How students get back at the colleges sending out thin envelopes

It’s about the only time of year when students will check the snail mail.

It’s March; college acceptance or rejection letter season.

Some will clasp thick packets of information from their top choice college in enthusiastically upstretched arms.
Others will stare at the flat sheaf of paper resting in their palm that seemingly spells the end to their future hopes and dreams.

What if that’s you?

Not to fear. Take a look at how other Millennials combat the rejection season blues.

Try something dramatic: You have to let off steam somehow. Don’t try to hold the emotions in. It’s ok to feel upset, and, well, rejected, but you can’t let it keep you down.

  1. Burn the letter. Watch a Yale rejection letter serve as a cathartic release. Just remember, although you may be crushed now, your heart will go on.

2.  Scream, yell, shout. Make a Facebook page where you and your friends can rage.

Take it in stride with sardonic humor:

  1. This Stanford hopeful was rejected on his third, and final possible, transfer application. Watch him open the e-mail here.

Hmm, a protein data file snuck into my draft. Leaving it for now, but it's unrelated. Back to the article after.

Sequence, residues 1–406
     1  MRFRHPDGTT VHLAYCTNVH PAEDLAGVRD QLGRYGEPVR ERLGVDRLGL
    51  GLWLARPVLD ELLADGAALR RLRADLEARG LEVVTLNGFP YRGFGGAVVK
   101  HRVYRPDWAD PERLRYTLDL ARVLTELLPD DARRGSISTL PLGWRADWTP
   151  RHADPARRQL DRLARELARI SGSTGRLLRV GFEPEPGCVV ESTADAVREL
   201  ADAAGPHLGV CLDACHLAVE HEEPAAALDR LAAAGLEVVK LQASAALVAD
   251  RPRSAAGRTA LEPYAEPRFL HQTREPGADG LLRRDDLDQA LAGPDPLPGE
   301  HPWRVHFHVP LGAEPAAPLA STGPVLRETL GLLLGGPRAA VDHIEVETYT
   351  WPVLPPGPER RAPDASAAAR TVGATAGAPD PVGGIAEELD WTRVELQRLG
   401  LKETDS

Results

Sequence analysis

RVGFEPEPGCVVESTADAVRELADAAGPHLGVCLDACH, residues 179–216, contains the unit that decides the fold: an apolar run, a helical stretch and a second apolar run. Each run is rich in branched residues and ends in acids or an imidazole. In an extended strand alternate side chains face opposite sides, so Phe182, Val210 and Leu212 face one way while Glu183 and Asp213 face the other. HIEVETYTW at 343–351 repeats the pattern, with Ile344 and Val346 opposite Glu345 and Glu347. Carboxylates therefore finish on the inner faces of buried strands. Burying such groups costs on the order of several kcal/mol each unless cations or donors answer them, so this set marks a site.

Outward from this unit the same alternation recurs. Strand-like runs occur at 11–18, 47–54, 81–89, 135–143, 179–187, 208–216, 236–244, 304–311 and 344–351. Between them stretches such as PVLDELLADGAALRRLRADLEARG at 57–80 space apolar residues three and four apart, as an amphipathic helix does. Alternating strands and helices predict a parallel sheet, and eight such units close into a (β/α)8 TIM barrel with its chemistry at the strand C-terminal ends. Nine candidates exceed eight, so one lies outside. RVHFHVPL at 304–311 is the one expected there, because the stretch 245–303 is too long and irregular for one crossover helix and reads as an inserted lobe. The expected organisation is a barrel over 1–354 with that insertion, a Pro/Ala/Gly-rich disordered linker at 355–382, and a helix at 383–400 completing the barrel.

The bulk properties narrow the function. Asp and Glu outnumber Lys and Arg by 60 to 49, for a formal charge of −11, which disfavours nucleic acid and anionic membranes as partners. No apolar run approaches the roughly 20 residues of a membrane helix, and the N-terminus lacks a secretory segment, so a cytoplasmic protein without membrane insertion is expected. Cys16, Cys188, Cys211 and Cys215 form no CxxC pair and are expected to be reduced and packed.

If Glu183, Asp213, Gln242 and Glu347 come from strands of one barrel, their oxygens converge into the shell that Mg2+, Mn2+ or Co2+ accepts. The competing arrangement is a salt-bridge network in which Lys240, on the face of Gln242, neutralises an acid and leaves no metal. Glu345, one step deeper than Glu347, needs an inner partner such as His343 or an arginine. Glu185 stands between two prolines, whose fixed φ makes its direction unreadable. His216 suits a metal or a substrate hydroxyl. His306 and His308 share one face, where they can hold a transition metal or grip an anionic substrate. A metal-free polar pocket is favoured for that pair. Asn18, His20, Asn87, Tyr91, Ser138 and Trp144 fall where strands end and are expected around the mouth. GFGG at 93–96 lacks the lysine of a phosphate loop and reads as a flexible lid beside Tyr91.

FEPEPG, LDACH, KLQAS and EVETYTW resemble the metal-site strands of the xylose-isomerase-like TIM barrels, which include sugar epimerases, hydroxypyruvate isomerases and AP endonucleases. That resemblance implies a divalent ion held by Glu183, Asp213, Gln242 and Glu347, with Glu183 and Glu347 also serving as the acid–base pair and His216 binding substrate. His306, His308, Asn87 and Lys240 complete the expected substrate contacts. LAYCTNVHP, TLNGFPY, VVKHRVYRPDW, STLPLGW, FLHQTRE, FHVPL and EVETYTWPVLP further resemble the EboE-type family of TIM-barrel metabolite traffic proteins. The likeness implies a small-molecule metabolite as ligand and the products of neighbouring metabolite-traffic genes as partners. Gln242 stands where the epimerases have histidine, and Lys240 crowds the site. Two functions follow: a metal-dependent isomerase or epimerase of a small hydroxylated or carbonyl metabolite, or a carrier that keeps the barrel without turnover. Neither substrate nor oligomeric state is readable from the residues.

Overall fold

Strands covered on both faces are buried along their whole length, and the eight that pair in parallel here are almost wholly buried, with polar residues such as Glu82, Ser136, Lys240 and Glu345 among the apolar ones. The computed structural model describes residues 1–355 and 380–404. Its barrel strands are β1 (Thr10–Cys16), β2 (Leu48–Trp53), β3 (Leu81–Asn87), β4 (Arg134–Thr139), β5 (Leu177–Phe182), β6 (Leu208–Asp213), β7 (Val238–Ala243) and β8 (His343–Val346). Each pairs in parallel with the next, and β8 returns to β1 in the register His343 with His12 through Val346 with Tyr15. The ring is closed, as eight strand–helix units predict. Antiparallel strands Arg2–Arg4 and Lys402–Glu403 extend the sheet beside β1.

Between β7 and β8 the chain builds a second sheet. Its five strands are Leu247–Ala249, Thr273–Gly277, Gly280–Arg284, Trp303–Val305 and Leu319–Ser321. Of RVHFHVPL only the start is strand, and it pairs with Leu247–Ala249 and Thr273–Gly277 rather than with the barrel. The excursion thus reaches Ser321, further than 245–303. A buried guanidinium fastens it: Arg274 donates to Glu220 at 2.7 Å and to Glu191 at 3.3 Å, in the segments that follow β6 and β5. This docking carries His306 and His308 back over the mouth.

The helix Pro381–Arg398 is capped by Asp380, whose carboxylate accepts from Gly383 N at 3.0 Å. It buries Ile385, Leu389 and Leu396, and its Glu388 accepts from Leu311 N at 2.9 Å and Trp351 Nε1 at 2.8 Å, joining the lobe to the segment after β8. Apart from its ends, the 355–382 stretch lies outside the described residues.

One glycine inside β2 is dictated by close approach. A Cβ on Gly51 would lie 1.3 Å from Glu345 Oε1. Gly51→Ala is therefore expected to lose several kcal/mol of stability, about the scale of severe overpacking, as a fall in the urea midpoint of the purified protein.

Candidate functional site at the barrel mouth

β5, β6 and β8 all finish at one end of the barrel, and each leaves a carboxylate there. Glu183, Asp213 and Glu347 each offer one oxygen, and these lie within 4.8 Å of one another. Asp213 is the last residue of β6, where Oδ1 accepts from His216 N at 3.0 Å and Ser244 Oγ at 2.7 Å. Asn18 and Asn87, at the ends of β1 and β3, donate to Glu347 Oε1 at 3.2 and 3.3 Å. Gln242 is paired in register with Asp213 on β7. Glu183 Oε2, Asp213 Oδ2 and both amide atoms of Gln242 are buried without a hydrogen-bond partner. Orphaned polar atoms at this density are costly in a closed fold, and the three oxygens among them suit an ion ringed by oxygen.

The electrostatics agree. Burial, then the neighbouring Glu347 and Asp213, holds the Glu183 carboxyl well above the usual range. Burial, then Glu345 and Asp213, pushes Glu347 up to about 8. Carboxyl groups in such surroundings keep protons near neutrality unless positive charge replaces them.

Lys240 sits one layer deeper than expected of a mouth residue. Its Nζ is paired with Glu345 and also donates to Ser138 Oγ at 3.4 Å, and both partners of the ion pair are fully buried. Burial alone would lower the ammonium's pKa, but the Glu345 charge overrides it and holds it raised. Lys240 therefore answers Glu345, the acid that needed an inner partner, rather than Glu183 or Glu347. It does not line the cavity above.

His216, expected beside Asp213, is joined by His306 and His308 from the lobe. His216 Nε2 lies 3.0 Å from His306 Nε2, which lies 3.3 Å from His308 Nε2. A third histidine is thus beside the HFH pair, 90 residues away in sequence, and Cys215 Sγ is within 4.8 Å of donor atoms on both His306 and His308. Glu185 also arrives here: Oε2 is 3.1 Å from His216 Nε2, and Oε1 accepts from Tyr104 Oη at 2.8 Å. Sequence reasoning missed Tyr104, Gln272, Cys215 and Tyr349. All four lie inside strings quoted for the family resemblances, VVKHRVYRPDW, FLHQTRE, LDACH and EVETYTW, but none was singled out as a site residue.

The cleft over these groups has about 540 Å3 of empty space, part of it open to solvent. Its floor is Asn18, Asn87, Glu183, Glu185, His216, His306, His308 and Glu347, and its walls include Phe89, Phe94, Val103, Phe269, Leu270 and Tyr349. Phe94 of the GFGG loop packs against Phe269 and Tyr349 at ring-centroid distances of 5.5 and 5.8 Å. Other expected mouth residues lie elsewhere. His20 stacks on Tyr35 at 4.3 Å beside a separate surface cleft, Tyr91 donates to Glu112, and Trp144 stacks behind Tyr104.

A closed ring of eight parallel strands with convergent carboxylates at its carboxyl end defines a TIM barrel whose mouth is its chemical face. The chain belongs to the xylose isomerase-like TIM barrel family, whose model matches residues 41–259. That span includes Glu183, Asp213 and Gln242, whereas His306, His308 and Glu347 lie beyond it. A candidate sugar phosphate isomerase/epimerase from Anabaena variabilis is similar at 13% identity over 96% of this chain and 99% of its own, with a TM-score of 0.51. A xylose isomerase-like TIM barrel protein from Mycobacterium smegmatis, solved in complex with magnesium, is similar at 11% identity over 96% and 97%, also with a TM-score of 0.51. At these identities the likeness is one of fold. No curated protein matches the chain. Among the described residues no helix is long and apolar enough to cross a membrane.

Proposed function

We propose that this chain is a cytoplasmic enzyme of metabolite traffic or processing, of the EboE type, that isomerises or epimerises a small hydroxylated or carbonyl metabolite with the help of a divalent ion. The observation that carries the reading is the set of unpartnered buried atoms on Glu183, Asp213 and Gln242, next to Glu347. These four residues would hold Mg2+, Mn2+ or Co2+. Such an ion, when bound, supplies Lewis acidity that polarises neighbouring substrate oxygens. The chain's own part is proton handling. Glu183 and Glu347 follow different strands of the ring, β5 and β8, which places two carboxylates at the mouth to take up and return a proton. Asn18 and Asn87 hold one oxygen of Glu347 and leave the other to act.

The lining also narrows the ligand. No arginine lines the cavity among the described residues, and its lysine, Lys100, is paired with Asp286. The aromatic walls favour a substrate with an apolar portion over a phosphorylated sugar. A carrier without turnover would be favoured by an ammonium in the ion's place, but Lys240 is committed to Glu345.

2. Want to know how it feels to be rejected from all the medical schools you applied to? Here’s an insightful, humorous, and hopeful story.

Multi-purpose the letters: No need to waste paper! According to BuzzFeed staff writer Alanna Okun, “Harvard makes a very pleasant hat.” Check out her other ways of repurposing the letters.

Courtesy BuzzFeed

Commiserate publically: Students at a Palo Alto high school created a “Wall of Rejection,” where students post up their rejection letters in a central location. The wall is prohibited this year despite a name change to “Colleges Missing Out Wall.” Still, the idea that you are not the only one is important to remember. Rejection letters are as faithful as the coming of March each year, but students who make it past the initial dejection often go on to great future success.

Make a song: There are many creative satirical songs on YouTube. This one sums up what you need to say to that dream school: “Forget You.” If you’ve been rejected, stand up for yourself, be confident in your abilities, and chase after the next big thing. Don’t let the coldly analytical admissions office get the best of you. They don’t know what they are missing.


If you’re still not convinced and need some practical, logical answers to college rejection, Andrew J. Rotherham writes on Time about “How to Deal With a Thin Envelope” and presents the “Five Biggest Myths About College Admissions.”


Feature image photo cerdit: –